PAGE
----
Military CBRN defense should have substantial funding despite budget concerns
Joint Program Executive Officer for Chemical and Biological Defense Carmen Spencer said that there should be approximately $3.5 billion appropriated from 2013-2018. The money will be used to develop new vaccines, purchase protective gear and create a biological surveillance system against infectious diseases, according to NationalDefenseMagazine.com.
"Everything is locked in Jell-O," Spencer said, NaitonalDefenseMagazine.org reports. Spencer was referring to the U.S. Defense Department's recent budgetary concerns.
"Because of the world situation as it is today and the emerging threats, there is much more scrutiny in our ability to protect our armed forces, [and] to prevent WMD proliferation around the globe," Spencer said, NationalDefenseMagazine.com reports.
The U.S. military is currently in the middle of an overhaul of its research, development and procurement procedures when it comes to chem-bio defense technologies. Deputy Assistant Secretary of Defense for Chemical and Biological Defense Gerald Parker recently asked the National Academies of Science to take a look at the way it acquires and prioritizes investments in these fields.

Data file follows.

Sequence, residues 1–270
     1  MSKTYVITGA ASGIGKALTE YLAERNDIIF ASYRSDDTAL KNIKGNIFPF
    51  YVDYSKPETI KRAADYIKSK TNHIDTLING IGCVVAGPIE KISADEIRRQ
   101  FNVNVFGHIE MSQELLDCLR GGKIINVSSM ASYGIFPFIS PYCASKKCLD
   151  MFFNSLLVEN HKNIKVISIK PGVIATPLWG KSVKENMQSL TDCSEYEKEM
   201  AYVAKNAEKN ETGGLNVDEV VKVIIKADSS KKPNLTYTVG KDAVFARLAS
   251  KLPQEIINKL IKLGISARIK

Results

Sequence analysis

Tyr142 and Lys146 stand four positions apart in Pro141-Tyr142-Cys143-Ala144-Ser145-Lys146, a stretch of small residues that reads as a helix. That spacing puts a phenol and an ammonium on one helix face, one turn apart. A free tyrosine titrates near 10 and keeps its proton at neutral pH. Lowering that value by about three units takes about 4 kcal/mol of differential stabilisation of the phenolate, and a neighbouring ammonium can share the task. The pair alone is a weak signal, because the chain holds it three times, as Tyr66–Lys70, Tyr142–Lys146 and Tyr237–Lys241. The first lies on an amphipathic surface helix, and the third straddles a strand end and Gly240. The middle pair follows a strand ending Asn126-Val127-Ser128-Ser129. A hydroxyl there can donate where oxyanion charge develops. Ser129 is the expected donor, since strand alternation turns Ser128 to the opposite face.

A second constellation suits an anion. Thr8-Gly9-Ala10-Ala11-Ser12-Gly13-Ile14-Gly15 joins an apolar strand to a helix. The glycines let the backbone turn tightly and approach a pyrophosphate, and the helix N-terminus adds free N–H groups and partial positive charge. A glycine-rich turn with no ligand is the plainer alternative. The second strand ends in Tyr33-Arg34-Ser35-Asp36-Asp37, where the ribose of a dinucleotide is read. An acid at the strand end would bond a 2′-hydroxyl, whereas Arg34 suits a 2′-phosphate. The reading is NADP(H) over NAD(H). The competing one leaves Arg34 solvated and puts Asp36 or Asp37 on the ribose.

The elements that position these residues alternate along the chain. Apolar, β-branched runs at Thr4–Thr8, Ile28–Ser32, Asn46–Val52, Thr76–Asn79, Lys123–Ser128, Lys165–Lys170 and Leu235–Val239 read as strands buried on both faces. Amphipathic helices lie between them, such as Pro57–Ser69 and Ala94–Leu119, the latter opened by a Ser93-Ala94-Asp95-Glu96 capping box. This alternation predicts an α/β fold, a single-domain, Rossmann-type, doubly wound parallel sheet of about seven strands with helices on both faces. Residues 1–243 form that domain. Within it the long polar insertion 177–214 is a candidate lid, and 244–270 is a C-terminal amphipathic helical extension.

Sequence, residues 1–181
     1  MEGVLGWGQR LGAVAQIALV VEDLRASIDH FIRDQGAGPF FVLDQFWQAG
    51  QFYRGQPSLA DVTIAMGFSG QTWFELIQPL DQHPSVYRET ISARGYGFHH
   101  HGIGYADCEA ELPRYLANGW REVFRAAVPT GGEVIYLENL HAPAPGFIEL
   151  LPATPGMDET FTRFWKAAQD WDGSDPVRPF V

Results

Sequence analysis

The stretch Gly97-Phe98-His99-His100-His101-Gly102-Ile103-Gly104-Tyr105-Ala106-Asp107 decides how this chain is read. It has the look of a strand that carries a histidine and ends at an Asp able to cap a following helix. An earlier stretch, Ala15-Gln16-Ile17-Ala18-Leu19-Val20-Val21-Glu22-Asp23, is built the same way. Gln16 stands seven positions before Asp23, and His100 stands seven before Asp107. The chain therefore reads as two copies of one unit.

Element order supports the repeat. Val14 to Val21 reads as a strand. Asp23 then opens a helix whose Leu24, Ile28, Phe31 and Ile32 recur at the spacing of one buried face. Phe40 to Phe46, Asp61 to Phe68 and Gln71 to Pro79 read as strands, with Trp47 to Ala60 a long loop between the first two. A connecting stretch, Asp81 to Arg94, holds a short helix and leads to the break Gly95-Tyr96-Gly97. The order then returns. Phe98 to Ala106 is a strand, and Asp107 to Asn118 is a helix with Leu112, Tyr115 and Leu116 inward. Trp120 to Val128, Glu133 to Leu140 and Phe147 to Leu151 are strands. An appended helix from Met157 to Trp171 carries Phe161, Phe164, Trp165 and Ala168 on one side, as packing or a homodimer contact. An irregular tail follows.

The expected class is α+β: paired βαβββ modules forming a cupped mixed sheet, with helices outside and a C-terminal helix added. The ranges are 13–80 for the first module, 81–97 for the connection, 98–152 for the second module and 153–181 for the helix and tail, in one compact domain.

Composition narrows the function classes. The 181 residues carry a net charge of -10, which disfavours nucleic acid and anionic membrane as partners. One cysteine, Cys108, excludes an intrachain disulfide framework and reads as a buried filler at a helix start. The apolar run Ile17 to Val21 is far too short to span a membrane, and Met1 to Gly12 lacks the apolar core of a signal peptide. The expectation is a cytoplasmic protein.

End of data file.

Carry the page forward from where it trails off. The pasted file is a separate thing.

The NAS prepared a report, entitled "Determining Core Capabilities in Chemical and Biological Defense Science and Technology," that demonstrates how quickly chemical and biological threats are evolving. The report says the DOD is not keeping up.
"For too long the program has been fragmented and decentralized, and we are changing that to bring a much better unity of effort," Parker said, NationalDefenseMagazine.com reports.